13
Added value: from creation to
            division

   Objectives?
       Maximise size of pie?
       Maximise proportion of pie I get?
       Maximise size of my piece of pie?

   Need to be aware of the relative power
    of others in the game – relative added
    values
                                             14
Added value: recap

   What you get is based on your relative
    added value
   Added value = total value with you
                      less
                 total value without you
   It is what you bring to others


                                             15
Added value vs what do you get?

   Egocentric vs. Allocentric

   Added values and BATNAs

   Examples: cost sharing and a
    bankruptcy problem from the Talmud


                                         16
Allocentrism
   Added value
       Put yourself in the shoes of others to assess your
        added value
   Rules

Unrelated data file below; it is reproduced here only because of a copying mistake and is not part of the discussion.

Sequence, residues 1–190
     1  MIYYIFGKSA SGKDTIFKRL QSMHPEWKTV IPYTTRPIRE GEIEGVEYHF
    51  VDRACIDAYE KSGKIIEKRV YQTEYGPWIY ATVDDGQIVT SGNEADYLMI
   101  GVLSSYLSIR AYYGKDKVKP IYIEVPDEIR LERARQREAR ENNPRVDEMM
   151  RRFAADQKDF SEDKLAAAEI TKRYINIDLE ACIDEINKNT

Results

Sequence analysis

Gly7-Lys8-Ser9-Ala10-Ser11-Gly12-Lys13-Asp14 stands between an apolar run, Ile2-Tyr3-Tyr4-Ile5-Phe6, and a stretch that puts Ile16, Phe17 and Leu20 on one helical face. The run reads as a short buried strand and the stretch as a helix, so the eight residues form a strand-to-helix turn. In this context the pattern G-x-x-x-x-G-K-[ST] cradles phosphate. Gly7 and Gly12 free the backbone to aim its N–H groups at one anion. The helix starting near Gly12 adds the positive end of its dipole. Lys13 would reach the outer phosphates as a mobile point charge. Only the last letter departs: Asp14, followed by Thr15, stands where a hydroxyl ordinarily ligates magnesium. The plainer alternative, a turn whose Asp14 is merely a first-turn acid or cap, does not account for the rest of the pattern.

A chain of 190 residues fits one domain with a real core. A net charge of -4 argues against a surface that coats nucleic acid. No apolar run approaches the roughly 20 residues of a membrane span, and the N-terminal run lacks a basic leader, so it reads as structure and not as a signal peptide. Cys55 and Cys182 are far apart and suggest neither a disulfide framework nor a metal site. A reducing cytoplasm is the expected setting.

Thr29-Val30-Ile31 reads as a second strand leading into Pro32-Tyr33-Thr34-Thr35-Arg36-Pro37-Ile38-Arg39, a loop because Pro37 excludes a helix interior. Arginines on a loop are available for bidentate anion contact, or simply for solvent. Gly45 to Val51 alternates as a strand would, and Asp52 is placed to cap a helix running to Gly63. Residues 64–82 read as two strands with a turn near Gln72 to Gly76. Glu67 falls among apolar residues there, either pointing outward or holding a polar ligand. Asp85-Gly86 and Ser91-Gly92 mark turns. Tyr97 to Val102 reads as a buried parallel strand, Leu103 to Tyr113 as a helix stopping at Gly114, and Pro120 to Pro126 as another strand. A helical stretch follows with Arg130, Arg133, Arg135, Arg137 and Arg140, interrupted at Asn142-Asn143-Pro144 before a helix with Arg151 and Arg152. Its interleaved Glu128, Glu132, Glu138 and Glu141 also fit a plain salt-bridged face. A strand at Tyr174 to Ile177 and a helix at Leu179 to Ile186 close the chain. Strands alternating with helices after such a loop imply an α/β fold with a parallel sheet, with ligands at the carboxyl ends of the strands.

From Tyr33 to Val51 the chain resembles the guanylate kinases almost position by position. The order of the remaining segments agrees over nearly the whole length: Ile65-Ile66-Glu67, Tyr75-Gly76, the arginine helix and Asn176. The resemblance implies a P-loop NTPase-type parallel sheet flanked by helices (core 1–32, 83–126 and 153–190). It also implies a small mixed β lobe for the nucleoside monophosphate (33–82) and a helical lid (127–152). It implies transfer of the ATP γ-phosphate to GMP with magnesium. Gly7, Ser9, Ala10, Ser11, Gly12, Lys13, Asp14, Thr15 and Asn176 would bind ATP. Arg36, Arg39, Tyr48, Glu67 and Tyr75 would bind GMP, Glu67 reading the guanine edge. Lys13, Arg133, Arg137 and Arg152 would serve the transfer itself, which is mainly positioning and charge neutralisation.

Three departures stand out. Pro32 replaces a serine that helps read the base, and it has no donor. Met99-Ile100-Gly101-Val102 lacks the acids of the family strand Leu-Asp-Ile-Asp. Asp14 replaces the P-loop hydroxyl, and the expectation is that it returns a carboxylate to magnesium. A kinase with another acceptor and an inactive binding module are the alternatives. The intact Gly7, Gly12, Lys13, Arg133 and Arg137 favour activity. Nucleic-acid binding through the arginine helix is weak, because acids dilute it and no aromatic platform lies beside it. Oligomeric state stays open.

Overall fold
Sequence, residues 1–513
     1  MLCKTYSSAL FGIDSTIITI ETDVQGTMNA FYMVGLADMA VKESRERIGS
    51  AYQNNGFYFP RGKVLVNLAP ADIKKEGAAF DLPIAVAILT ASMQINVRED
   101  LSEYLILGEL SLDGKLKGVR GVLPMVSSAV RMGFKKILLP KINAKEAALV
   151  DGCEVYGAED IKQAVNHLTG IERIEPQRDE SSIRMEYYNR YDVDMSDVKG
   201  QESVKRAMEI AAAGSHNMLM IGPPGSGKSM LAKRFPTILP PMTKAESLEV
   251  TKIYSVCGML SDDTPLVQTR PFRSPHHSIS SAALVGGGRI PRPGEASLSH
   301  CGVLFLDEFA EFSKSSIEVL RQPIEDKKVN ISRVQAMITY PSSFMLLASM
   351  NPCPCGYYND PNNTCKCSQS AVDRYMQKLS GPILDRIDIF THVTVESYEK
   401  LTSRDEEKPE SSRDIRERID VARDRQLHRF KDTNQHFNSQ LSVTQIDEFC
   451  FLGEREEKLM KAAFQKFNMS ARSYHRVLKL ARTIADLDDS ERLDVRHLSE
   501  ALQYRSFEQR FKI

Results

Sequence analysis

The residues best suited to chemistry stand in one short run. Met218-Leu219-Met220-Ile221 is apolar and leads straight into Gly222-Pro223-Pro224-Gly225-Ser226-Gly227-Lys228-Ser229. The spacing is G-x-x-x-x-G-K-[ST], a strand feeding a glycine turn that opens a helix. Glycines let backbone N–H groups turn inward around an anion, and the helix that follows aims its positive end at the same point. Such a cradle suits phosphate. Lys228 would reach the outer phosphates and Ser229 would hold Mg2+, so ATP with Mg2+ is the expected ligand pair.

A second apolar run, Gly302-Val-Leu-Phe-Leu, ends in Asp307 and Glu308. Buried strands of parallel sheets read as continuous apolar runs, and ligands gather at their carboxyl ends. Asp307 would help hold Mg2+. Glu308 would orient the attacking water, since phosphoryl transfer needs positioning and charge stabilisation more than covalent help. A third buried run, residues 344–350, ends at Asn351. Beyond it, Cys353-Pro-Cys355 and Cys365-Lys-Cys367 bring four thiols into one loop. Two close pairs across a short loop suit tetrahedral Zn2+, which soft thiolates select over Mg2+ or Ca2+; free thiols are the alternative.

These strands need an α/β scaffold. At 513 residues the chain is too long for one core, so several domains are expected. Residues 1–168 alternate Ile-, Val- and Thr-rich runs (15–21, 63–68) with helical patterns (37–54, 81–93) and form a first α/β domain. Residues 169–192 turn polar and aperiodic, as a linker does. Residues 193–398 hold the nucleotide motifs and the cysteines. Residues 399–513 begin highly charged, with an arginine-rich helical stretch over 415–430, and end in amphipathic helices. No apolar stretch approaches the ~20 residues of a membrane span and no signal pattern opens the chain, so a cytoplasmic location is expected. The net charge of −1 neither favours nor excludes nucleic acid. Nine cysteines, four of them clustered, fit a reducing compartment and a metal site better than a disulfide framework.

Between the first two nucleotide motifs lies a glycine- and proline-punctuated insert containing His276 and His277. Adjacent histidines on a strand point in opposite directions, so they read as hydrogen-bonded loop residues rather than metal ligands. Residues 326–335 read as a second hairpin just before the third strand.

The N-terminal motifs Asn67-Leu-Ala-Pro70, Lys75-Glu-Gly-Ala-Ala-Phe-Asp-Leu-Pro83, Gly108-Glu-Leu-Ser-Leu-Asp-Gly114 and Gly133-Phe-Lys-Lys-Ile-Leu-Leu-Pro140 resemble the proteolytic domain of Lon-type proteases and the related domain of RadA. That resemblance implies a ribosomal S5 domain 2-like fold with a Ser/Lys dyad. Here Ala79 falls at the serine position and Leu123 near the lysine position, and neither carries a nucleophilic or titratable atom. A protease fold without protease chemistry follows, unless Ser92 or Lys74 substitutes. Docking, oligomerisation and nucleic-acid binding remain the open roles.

   Put yourself in the shoes of others to anticipate
        reactions (attempts to change the game) in
        response to your actions
   Tactics/perceptions
       Put yourself in the shoes of others to see how
        they see the game – and use tactics to change
        their perceptions
                                                             17
Tactics: perception games

   Texas shoot-out
       One side states price
       Other side says buy or sell
       Shooter or Shootee?

   Different valuations


                                      18
Tactics: Texas shoot-out
   If you know the other side’s value, go
    first




   If you are uncertain, it’s better to go
    second
                                              19
Tactics: irrationality
   Profits are not the only objective…
    Pride, jealousy, fairness matter

   If ignore these, you can both lose

   Even if you think others are misguided, don’t
    impose your rationality on them

              Allocentrism
                                                    20
Changing the game
   From mapping the landscape to shaping
    it!
   The five levers – PARTS
   We’ll examine these more closely in the
    Bitter Competition case…



                                          21